Although life skills education — an amorphous word interpreted variously by education leaders and principals — has emerged as a fashionable buzzword in progressive schools fairly recently, policy formulators and informed educationists within the country have been aware of its importance for some time now. For instance, the National Curriculum Framework 2005, a brilliant document drafted by Dr. Krishna Kumar, until recently professor of education at Delhi University, recommended life skills teaching to all school examination boards and managements. “Development of life skills such as critical thinking and coping and self-management skills… is very critical for dealing with the demands and challenges of everyday life,” it said. Unfortunately, this among its other recommendations has been practised more in the breach than observance, and academic learning rewarded by testing memorisation skills continues to remain the obsession of the country’s 34 school examination boards, and consequently of the teachers’ community. 

Meanwhile, expert opinion worldwide is veering around to the view that while academic education is undoubtedly important, life skills learning may be even more crucial. “The jobs market is changing rapidly, requiring workers to develop skills such as collaboration, communication, creativity and critical thinking to function effectively in a global economy dominated by smart machines. These skills are important requisites for learning and becoming effective citizens,” says David Ross, the Washington-based CEO of Partnership for 21st Century Learning, a coalition of corporate and education leaders.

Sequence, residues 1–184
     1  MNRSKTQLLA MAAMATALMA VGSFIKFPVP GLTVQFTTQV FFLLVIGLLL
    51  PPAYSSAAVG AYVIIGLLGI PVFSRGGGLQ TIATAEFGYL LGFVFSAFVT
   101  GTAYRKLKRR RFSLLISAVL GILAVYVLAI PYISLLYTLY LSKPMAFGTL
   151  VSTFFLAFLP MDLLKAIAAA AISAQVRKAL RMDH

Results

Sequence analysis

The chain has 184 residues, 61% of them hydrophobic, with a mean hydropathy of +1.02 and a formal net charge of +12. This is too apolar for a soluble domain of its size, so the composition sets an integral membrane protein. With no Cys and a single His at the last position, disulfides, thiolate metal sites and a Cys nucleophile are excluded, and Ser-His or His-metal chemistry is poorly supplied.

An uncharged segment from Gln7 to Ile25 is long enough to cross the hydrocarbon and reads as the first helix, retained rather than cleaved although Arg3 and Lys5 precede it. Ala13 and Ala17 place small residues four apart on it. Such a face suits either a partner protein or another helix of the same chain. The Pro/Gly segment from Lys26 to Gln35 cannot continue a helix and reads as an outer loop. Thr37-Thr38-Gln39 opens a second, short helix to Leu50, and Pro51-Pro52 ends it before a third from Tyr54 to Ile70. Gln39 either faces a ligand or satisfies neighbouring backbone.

According to Ross, the partnership has developed a framework with inputs from teachers, educationists, and business leaders to define the skills and knowledge students need to shape the future of their work, life and citizenship. The framework also highlights the support systems needed for teaching the life skills necessary for success in the new millennium. “At the core of 21st century learning and innovation skills, are the 4Cs — collaboration, critical thinking, creativity and communication. Others are information, media and technology skills, life and career skills, and the knowledge learners need to be successful. I would like to stress that these skills are not just important in the classroom or workplace. They are skills we all need to be successful members of our communities and nations,” he says. 

In India which is neither at peace with its neighbours nor with itself and where historical problems remain omnipresent, there’s rising clamour for education that infuses critical thinking and problem-solving skills into the leaders of tomorrow and equips them to practice peace, harmony, tolerance and everyday civic manners.